Colorado Advertising Benchmark & Accountability Research ...

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Colorado Advertising Benchmark & Accountability Research ...

Colorado Advertising Benchmark & Accountability Research

Conducted by Longwoods International for the Colorado Tourism Office

Overview

In fall 2009, the Colorado Tourism Office launched its winter advertising campaign in regional and targeted

markets. The spring/summer campaign followed, in March, 2010 through October 2010. The spring/summer

campaign had both regional and national components. Both campaigns consisted of broadcast elements (TV and

radio), print (multiple newspaper and magazine ads), as well as internet banner ads.

Longwoods was commissioned to conduct a research program designed to:

• Measure the effectiveness of the advertising campaign at bringing visitors to Colorado during the

campaign periods and shortly thereafter, and increasing intentions to visit the state in the future

• Estimate the return on advertising investment yielded by the campaigns, in terms of incremental visitor

spending and taxes returned to the state by those additional expenditures

• Through an analysis of Colorado’s image, provide input into the development of positioning and

messaging for future campaigns

Key Findings

• The 2010 campaign reached 45% of travelers across regional and national markets, which translates into

77 million people.

• Slightly more people recalled the summer campaign (37%) than the winter campaign (33%).

• For the winter campaign, the greatest recall was generated by online and print advertising, recalled by 2

in 10 travelers, followed by TV ads (15%) and then radio (8%).

• The summer campaign components with the highest awareness penetration were print (27%) and TV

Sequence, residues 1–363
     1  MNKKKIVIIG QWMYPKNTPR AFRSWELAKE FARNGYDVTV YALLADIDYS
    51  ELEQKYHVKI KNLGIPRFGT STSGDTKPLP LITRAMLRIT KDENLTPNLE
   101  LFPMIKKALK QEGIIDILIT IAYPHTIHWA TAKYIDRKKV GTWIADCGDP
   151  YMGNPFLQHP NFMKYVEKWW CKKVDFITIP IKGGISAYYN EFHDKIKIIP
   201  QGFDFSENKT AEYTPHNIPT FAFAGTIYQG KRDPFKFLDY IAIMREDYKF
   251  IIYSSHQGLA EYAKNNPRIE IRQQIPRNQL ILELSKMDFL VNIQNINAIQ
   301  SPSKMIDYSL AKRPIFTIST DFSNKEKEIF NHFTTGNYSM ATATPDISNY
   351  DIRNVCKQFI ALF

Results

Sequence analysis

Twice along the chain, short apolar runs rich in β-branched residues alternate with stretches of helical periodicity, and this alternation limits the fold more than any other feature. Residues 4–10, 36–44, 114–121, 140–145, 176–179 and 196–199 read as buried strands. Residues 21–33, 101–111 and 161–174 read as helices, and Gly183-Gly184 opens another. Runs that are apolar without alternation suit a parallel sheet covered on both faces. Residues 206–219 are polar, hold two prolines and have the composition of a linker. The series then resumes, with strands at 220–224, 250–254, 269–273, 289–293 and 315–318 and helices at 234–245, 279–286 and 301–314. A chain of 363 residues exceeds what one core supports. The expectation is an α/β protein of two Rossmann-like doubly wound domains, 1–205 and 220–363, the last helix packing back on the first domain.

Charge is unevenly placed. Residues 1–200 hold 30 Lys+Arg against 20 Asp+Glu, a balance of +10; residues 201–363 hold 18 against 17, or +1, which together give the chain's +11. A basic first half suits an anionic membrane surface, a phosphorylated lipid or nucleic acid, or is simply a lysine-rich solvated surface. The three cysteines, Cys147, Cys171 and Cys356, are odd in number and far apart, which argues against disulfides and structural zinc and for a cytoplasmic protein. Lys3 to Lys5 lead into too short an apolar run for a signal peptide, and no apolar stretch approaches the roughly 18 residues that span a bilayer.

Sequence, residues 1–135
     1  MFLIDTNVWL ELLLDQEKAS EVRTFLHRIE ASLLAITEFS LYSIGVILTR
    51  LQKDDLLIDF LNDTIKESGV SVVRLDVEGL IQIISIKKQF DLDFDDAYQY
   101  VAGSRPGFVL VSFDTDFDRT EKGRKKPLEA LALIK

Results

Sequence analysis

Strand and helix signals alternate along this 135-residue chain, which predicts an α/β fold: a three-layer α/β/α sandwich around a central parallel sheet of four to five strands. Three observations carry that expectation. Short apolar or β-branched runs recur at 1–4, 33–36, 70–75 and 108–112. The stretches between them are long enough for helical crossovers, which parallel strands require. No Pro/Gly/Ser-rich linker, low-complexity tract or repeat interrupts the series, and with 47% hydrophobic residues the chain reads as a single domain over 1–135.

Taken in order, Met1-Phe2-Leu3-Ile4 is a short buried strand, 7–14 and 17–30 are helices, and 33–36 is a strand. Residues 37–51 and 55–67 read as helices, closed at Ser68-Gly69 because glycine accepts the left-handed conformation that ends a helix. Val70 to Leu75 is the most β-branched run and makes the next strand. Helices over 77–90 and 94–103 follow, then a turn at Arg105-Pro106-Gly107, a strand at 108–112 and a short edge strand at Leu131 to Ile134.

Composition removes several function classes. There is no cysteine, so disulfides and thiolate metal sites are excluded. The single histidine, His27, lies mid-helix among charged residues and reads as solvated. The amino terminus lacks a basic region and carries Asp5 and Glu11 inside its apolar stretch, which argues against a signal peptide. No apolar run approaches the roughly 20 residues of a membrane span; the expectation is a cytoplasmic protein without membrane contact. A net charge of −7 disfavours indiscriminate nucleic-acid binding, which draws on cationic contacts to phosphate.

ads (20%), somewhat ahead of the online ads (16%) and radio (12%).

• The advertising not only affected “short‐of‐sales” measures; but it also generated a substantial amount

of actual incremental trip‐taking.

• The campaign yielded 2,999,000 trips to Colorado that would not have otherwise occurred without the

advertising. Most of these trips were created by the summer campaign (86%)

Using per capita spending figures from the annual Colorado Visitor survey for 2009, we estimate that the two

campaigns generated approximately $933 million in incremental visitor expenditures. When we relate these

figures to campaign expenses, we find that for every dollar spent on advertising, the state got back $113 in

visitor expenditures resulting in $3.40 in state taxes, plus an additional $4.20 in local taxes. And those visitor

expenditures in turn yielded $62.5 million in state and local taxes.

Visitor spending declined during the time studied versus 2007. The average expenditure by visitors was $348 in

2007, which contracted to $311 this year. Additionally, the timing of the two studies varied. The 2007 study


included a follow‐up conversion study of people intending a trip based on the summer campaign and in 2010,

the timing was flipped and winter conversion is included rather than summer.

The 2010 campaign was more successful than the 2007 campaign in terms of:

• Generating planned trips (8,999,000 in 2010 versus 7,743,000 in 2007)

• However, the campaign was less successful with respect to:

• Generating actual trips (2,999,000 in 2010 versus 5,973,000 in 2007)

On the positive side, the FY10 campaign had considerable success, yielding 3 million incremental visitors, $933

million in additional visitor expenditures, and $62.5 million in taxes on that spending. And the campaign

generated substantial interest in travel to Colorado, with almost 9 million planned trips that otherwise would

not have been planned in the absence of advertising. With a $7.60 return in taxes per ad dollar spent, the CTO is

satisfied with the FY2010 campaign impacts as many states’ and DMO’s campaigns yield lower returns and

ultimately any investment that yields more than a $1 to $1 return can be regarded as a positive outcome.

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